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Blue Sky

Author: The Optimism Institute

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Hosted by Bill Burke, founder of The Optimism Institute, this weekly podcast will feature inspiring leaders, authors, researchers, and big thinkers who are taking on some of our world’s toughest challenges with an infectious sense of optimism. Blue Sky takes its name from the meditation reminder that there’s always blue sky above, sometimes you just have to get your head above the clouds to see it.
60 Episodes
Daniel Stone explains that today’s politically-polarized environment began taking shape way back in the 1980’s.  Today, he says, we have an increase in what’s been described as “affective biases,” in which people move from disagreeing with the ideas of another, to disliking the person themselves, for having these beliefs.  It’s a dangerous trend, he believes, and among other things, Daniel Stone recommends an “Anti-Polarization Manhattan Project,” and idea that many Blue Sky listeners might want to get behind!  Links: Order Daniel's book, Undue Hate
One of our most popular episodes of 2023 is back, with this encore presentation, just in time for Earth Day!  Dan Reicher’s interest in and advocacy for environmental protection and clean energy began when he was a child and has continued throughout his life.  In addition to teaching at Stanford University, has served three U.S. presidents, testified before the U.S. Congress more than 50 times, led the launch of Google’s pathbreaking climate and clean energy work, oversaw a $1.2 billion annual clean energy R&D budget as U.S. Assistant Secretary of Energy, and co-founded the nation’s first investment firm focused exclusively on renewable energy project finance.  In this Blue Sky episode, Dan provides his take on potential climate change solutions; from hydro, solar, wind, and nuclear power, to conservation and reforestation.  He explains that while he’s realistic about the massive amount of work and resources that will be required to solve the climate crisis, he’s optimistic about our ability to get it done. 
Marko Cheseto left his home in Kenya to travel all the way to, of all places, Anchorage, Alaska, where he attended college on a track and field scholarship.  A gifted runner, he achieved many accolades before experiencing a tragedy that resulted in the amputation of both of his legs, below his knees.  He says that as he lay in his hospital bed, he thought, “it was my feet that brought me to America, and now I’ve lost my feet.”  In this Blue Sky episode, Marko tells the remarkable story of how he turned his life around in that same bed, deciding that rather than giving up, he’d spend the rest of his life serving as an example and inspiring others.  And in the years since his amputation surgery he has done just that, and he currently holds the record for the fastest marathon ever by a double amputee, with a time 2:35:55 in the 2021 New York City Marathon!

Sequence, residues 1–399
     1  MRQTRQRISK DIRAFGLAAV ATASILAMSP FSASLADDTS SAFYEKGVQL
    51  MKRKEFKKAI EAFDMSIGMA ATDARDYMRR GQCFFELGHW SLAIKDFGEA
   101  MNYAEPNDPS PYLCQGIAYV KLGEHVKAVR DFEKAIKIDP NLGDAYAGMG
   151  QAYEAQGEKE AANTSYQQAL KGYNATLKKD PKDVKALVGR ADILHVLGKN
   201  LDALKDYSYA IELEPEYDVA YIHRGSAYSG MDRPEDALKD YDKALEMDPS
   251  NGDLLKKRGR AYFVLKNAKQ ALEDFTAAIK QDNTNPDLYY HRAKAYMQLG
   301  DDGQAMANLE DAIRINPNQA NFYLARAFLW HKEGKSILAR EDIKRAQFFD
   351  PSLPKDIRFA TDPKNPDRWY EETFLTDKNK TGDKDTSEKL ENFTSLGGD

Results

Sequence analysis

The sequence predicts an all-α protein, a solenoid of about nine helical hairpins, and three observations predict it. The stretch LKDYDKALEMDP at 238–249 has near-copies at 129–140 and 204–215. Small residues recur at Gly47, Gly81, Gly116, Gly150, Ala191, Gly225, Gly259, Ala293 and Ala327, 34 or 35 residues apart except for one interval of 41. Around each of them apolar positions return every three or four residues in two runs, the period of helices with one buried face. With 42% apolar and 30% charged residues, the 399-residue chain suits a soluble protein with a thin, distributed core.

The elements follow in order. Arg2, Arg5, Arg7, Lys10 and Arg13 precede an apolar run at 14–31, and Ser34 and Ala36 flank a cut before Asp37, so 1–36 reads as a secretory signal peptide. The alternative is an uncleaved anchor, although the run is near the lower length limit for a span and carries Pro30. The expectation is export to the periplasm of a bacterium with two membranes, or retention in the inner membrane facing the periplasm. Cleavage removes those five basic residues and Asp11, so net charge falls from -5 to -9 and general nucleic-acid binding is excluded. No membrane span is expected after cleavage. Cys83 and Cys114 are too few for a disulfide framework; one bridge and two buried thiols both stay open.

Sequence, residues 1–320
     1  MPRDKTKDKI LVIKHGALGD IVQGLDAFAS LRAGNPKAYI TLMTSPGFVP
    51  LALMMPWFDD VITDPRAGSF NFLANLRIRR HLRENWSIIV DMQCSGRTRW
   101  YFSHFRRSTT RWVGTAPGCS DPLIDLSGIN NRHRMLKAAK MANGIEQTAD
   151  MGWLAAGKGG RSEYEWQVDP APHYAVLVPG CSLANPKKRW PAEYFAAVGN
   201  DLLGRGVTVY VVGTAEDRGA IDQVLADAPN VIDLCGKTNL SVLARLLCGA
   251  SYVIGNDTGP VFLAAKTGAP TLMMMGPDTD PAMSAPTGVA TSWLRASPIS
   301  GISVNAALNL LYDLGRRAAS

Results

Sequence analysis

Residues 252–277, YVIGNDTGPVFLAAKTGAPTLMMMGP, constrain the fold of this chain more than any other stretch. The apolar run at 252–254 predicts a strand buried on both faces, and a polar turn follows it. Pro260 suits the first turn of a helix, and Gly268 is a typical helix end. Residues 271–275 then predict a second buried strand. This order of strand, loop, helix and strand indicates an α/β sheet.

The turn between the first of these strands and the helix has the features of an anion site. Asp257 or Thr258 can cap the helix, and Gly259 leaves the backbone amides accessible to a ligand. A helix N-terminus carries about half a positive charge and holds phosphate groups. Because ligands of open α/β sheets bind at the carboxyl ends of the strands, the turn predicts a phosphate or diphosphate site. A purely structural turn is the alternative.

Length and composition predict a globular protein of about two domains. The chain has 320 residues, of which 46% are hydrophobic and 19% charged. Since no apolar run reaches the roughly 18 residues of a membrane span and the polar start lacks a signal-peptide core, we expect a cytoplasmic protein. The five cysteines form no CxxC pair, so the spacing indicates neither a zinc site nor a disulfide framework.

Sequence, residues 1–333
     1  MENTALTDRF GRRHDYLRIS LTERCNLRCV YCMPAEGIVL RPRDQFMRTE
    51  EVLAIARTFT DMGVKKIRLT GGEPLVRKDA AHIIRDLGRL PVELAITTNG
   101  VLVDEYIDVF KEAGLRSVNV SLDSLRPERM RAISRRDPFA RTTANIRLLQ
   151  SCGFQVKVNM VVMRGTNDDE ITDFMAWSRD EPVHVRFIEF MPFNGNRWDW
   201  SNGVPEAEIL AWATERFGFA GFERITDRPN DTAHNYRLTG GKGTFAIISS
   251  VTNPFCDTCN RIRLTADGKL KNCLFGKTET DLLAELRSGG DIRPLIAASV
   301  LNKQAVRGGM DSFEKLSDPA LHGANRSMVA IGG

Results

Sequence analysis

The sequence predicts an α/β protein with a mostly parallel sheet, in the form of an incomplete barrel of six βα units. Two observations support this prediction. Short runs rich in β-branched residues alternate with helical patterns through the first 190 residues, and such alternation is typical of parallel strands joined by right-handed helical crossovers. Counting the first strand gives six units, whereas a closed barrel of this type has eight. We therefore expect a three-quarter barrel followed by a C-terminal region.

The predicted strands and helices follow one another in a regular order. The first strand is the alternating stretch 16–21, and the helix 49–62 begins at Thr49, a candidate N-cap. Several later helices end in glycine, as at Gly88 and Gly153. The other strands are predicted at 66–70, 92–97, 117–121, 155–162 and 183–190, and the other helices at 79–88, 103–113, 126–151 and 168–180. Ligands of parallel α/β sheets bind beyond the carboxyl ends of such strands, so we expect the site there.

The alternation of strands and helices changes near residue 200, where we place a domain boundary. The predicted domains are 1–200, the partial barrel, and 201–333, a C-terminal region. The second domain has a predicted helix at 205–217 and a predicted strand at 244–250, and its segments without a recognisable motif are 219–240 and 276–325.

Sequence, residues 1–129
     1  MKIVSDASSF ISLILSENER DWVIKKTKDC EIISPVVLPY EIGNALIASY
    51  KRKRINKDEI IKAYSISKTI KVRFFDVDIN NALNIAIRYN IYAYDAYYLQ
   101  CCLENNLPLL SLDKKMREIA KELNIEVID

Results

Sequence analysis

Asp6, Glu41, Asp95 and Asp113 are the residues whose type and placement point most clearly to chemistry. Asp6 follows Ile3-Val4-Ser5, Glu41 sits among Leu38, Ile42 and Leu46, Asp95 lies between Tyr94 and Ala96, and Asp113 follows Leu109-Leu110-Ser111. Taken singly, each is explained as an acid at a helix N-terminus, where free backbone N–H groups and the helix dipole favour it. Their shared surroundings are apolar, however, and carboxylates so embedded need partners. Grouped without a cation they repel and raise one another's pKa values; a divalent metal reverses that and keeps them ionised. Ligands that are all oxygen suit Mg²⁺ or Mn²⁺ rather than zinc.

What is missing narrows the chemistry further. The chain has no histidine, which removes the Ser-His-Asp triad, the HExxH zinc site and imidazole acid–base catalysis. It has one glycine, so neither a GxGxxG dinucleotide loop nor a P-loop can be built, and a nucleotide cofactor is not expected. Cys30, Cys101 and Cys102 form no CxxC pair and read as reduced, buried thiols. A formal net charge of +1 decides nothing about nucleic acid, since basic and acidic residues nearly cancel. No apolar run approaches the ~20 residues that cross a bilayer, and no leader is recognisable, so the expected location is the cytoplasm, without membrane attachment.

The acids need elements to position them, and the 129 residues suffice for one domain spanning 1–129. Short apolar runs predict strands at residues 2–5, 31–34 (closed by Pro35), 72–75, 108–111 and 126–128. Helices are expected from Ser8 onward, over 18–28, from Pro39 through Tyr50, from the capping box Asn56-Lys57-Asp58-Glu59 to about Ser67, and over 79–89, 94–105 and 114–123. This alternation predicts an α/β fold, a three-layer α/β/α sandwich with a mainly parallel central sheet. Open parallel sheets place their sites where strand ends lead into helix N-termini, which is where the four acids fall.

Nathalie Laidler-Kylander has a long and distinguished career working in the non-profit, social entrepreneurship and international development sectors.  Since 2021 she has been CEO of Trickle Up, an organization that partners with women in extreme poverty to build economic opportunity and drive inclusion.  On this Blue Sky episode, Nathalie describes the remarkable work of Trickle Up while sharing her optimism for the future of women around the world and her infectious enthusiasm about the power of social entrepreneurship and value and impact of international philanthropic efforts. 
This episode is a master class on sticking with it, no matter what. From our friend Dan Harris on the Ten Percent Happier podcast, we’re joined by Bryan Stevenson, who is a public interest lawyer who has dedicated his career to helping the poor, the incarcerated, and the condemned. He is the author of the bestselling memoir “Just Mercy,” which was made into a feature film, and the subject of an HBO documentary, “True Justice.” In this episode they talk about:  • Bryan’s “non-negotiables,” including exercise, music, and mindfulness  • The necessity of “proximity”  • How he manages fear, anger, and hatred  • How he cultivates hope and faith in the face of overwhelming odds  More on the Ten Percent Happier podcast:   A skeptical journalist, Dan Harris had a panic attack on live TV that sent him on a journey that led him to try something he otherwise wouldn't have considered: meditation. He went on to write the best-selling book, 10% Happier. The show features interviews with top scientists, celebrities and experts in the field of mindfulness. And Dan's approach is seemingly modest, but secretly radical: happiness is a skill you can train, just like working your bicep in the gym.   Listen to more Ten Percent Happier with Dan Harris